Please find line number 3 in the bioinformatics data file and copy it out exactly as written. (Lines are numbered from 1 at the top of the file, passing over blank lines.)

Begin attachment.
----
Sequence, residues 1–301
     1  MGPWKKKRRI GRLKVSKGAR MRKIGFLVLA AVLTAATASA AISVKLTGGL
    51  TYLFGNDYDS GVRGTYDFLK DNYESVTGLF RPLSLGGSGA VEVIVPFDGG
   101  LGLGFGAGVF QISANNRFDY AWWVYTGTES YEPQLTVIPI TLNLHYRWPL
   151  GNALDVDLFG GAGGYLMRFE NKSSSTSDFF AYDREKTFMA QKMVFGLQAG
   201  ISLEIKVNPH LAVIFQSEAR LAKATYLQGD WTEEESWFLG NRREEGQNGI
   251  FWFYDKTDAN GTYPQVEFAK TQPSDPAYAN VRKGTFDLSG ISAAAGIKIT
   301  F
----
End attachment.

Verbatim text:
    51  TYLFGNDYDS GVRGTYDFLK DNYESVTGLF RPLSLGGSGA VEVIVPFDGG